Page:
9. A method of claim 6, wherein the transplantated skin material is tissue culture grown epidermal cells.
10. A method for inhibiting fibroblast proliferation in a wounded region of a subject which comprises contacting the subject's wounded region with an amount of a composition that will stimulate growth and regeneration of epidermal cells and inhibit migration of fibroblasts and contraction of collagen consisting essentially of a clarified aqueous, cell-free extract derived from epidermal cells effective to inhibit fibroblast proliferation in the wounded region.
11. A method for preventing scar formation at the site of a wound in a wounded subject which comprises contacting the subject's wound with an amount of a composition that will stimulate growth and regeneration of epidermal cells and inhibit migration of fibroblasts and contraction of collagen consisting essentially of a clarified aqueous, cell-free extract derived from epidermal cells effective to prevent scar formation.
Description

This invention was made with government support under grants numbers CA08748 and DAMD-17-85-C-5001 from the National Institutes of Health, United States Department of Health and Human Services and the Unites States Army, respectively. The U.S. Government has certain rights in this invention.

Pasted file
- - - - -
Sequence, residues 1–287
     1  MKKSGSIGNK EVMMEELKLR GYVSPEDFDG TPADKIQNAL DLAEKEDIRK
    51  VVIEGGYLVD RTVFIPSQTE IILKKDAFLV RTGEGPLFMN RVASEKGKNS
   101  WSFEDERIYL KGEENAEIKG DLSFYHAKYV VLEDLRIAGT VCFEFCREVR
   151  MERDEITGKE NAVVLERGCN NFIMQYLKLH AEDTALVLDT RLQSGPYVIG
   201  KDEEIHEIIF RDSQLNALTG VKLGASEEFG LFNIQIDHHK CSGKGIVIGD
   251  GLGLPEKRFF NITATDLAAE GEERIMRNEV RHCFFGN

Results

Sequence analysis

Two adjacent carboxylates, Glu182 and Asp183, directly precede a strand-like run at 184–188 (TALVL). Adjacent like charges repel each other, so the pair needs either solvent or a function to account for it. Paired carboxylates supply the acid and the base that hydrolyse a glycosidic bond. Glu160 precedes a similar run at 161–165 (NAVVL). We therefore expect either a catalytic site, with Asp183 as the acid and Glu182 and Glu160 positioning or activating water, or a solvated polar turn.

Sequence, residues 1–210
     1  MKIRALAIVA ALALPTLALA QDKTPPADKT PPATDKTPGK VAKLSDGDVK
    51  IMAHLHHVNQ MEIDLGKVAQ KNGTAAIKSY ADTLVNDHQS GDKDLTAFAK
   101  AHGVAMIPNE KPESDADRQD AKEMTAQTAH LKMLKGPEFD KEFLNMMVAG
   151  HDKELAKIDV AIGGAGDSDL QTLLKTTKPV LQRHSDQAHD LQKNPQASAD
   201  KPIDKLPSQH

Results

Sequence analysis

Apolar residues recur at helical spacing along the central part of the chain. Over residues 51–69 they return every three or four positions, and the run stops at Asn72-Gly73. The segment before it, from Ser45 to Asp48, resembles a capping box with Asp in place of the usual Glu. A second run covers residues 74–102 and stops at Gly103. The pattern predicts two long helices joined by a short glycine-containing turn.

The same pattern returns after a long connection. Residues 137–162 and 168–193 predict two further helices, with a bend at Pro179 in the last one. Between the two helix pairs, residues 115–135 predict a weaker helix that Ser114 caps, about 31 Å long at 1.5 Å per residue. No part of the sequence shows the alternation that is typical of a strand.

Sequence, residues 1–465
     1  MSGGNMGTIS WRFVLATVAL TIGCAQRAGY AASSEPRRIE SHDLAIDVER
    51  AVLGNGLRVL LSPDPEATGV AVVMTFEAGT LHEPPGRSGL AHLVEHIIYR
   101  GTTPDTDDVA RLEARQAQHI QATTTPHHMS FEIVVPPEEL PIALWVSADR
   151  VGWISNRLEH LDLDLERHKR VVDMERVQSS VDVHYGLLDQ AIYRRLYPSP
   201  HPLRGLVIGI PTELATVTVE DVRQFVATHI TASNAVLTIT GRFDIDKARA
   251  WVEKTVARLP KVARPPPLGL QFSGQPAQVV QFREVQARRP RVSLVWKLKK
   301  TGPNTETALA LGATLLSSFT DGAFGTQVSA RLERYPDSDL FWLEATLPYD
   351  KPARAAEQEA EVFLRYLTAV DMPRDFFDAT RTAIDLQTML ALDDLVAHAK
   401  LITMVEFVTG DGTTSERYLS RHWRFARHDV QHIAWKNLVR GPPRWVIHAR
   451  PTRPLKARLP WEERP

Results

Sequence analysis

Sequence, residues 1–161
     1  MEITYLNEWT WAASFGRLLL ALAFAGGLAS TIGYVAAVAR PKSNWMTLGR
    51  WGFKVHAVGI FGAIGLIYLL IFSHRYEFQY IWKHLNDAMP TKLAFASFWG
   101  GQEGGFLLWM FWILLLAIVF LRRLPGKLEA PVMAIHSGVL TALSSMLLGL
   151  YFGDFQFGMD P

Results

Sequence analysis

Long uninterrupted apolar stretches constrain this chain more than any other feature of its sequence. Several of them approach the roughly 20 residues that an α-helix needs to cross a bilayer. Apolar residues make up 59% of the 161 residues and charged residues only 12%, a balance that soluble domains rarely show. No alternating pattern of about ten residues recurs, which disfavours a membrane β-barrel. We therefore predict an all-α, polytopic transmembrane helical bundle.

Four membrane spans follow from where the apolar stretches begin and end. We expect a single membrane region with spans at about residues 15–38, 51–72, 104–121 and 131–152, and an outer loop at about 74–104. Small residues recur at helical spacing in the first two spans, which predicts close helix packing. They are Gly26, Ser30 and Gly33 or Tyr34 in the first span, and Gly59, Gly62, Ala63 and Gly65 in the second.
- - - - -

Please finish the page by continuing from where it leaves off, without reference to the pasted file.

This is a continuation of Ser. No. 07/641,318, filed Jan. 15, 1991, now abandoned, which is a continuation of Ser. No. 07/051,081, filed May 15, 1987, now abandoned, which is a continuation-in-part of Ser. No. 06/765,711, filed Aug. 14, 1985, now abandoned.

BACKGROUND OF THE INVENTION

Epidermal cells form the uppermost layer of skin and provide an important physiological barrier. Normal undamaged skin is composed of the epidermis and the dermis. Epidermis consists of an inner layer of viable nucleated cells which are covered by laminated cornified cells without nuclei. It contains nerve fibrils, but not blood vessels. The basal layer of the epidermis has irregular ridges (rete ridges) molded against the underlying connective tissue (dermal papillae). The dermis consists of collagen bundles and fibers containing many fixed tissue cells and is richly vascularized by capillaries and venules. Hair follicles, sweat glands and sebaceous glands extend from the dermis to the surface of the skin; such glands and hair follicles are lined by epithelial cells. Underneath the dermis there is an underlying layer of fatty tissue.

Wound treatment

Loss of epidermal coverage by injury or as a consequence of a disease process leaves an open wound which is vulnerable to infection. If this loss is extensive, it also results in excessive loss of fluids and impairment of thermal regulation. When wounded, depending on the depth and the size of the area, regrowth of epidermis will occur from remaining hair follicles, glandular structures or from the side of the wound.